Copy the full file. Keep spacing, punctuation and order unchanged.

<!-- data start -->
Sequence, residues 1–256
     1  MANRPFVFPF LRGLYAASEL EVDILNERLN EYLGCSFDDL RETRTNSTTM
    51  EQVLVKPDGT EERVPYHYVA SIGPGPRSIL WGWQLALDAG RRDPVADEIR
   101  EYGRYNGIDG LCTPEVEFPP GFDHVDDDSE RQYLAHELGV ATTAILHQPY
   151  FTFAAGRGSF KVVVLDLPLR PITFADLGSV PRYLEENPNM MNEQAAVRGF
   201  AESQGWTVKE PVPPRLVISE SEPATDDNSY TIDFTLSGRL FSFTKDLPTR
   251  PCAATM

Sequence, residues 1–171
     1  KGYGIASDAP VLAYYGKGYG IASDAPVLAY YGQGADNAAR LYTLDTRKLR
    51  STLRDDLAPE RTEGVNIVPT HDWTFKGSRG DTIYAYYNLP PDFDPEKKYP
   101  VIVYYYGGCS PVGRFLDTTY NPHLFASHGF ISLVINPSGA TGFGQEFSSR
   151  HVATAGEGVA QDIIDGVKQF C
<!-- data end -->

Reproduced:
Sequence, residues 1–256
     1  MANRPFVFPF LRGLYAASEL EVDILNERLN EYLGCSFDDL RETRTNSTTM
    51  EQVLVKPDGT EERVPYHYVA SIGPGPRSIL WGWQLALDAG RRDPVADEIR
   101  EYGRYNGIDG LCTPEVEFPP GFDHVDDDSE RQYLAHELGV ATTAILHQPY
   151  FTFAAGRGSF KVVVLDLPLR PITFADLGSV PRYLEENPNM MNEQAAVRGF
   201  AESQGWTVKE PVPPRLVISE SEPATDDNSY TIDFTLSGRL FSFTKDLPTR
   251  PCAATM

Sequence, residues 1–171
     1  KGYGIASDAP VLAYYGKGYG IASDAPVLAY YGQGADNAAR LYTLDTRKLR
    51  STLRDDLAPE RTEGVNIVPT HDWTFKGSRG DTIYAYYNLP PDFDPEKKYP
   101  VIVYYYGGCS PVGRFLDTTY NPHLFASHGF ISLVINPSGA TGFGQEFSSR
   151  HVATAGEGVA QDIIDGVKQF C